Victory for Reproductive Justice in California: New Budget Includes Reparations for Survivors of Eugenic Sterilization

Biopolitical Times
Image from Belly of the Beast

Photo from Belly of the Beast, used by permission

Yesterday, California became the third state in the nation to provide reparations to survivors of coerced sterilization under 20th century eugenics laws, and the first state to both notify and compensate those sterilized involuntarily in state women’s prisons. Governor Newsom signed a budget that includes $7.5 million for this program, which will provide up to $25,000 per survivor, as well as funds for plaques and markers raising awareness about this unjust history.

California Latinas for Reproductive Justice, one of three advocacy organizations spearheading the effort for the last four years, stated in a press release,

The victory of this budget request is an important step for California in confronting its shameful history and taking a bold stand against the racist, sexist, and ableist practices that perpetuate health inequities to this day.

Disability Rights Education and Defense Fund and California Coalition for Women Prisoners were also co-sponsors of the bill, and the effort was actively supported by reproductive, disability, criminal justice, and other social justice allies around the country. CGS has organized support for the policy bill and budget allocation among our biopolitical network since the bill’s initial introduction in 2018.

Reproduction among disenfranchised communities has been controlled and policed in the US since colonization of the land and genocide of Native peoples, through rape and forced reproduction during slavery, and continuing with “medical” experimentation, contemporary restrictions on access to reproductive health care, restrictive abortion laws, and numerous other oppressive policies and practices. Sterilization abuse has particularly targeted women; Black, Indigenous, Latinx, and incarcerated people; people with disabilities; LGBTQI+ people; and people living in poverty.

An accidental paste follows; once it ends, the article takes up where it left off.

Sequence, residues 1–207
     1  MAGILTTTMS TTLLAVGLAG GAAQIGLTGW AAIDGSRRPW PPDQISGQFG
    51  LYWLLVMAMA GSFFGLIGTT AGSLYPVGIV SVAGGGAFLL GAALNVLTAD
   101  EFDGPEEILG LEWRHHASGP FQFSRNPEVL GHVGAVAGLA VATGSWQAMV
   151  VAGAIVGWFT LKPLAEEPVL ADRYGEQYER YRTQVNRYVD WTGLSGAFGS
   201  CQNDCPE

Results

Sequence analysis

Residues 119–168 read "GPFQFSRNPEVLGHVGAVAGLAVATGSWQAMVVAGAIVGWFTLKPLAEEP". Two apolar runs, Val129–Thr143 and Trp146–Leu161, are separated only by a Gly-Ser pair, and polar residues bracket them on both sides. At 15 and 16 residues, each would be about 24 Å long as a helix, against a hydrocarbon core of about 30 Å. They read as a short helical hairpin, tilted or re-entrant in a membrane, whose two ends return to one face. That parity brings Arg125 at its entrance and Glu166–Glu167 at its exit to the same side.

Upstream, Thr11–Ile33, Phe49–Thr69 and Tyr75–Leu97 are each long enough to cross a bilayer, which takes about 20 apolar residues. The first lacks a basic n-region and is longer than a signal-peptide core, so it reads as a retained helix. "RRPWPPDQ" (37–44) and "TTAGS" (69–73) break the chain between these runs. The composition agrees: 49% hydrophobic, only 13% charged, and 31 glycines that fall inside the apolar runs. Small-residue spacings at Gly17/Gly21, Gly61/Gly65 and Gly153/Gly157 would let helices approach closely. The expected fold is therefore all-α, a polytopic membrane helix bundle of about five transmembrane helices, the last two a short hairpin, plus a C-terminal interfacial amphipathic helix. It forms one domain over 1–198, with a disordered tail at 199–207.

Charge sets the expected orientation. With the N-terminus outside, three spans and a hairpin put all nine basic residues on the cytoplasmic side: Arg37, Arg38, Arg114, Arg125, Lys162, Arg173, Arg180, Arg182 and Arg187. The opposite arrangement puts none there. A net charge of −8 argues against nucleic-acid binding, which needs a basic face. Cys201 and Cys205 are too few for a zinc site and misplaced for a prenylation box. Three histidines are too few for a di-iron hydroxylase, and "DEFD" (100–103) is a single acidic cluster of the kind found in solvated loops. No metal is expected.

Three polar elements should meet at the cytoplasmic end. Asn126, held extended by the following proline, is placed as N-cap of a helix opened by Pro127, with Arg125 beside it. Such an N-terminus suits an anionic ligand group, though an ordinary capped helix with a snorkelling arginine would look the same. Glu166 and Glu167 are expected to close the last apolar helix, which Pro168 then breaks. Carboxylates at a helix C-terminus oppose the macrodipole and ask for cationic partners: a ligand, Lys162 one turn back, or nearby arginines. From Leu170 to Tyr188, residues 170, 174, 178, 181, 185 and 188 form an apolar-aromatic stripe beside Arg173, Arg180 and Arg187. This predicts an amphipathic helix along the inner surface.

These practices continue to this day. Just last year, Black women and Latinas came forward with accounts of sterilization and unnecessary gynecological procedures – without proper consent – among detainees in an ICE facility in Irwin County, Georgia.

California’s history includes several well-documented periods of coerced or involuntary sterilizations.

  • From 1909 to 1979, more than 20,000 people in state homes and hospitals who were deemed “unfit for reproduction” were coercively sterilized.
  • From 1968 to 1974, USC LA County Hospital conducted sterilization procedures on more than 200 women of Mexican heritage, typically during labor and delivery.
  • A 2014 investigation revealed that 144 women in California state women’s prisons were sterilized between 2006 and 2010 without proper consent.
  • Additional documentation shows there were at least 100 more incarcerated people involuntarily sterilized since the late 1990s. Many of those sterilized in prison still do not know this procedure was conducted on them.

In 2003, Governor Gray Davis, Attorney General Bill Lockyer, and the state Senate each apologized for California’s eugenic sterilization program. In 2018, the Los Angeles Board of Supervisors issued a public apology for the abuses under their auspices. A 2014 law prohibited medically unnecessary sterilizations, and all sterilizations for the purpose of birth control, in state prisons and county jails.

But until now, no redress of any sort has been provided to survivors.

The monetary reparations included in the state budget are small compared to the harm done, but they represent an important measure of recognition, apology, and redress to those still alive, and may help prevent these abuses from recurring. Also critical is rooting out the oppressive attitudes underlying eugenic practices that persist in society, policy, and institutional structures. While recognizing that more work is to be done, today we celebrate this important victory and its contribution to affirming reproductive justice, and the dignity and humanity of all people.

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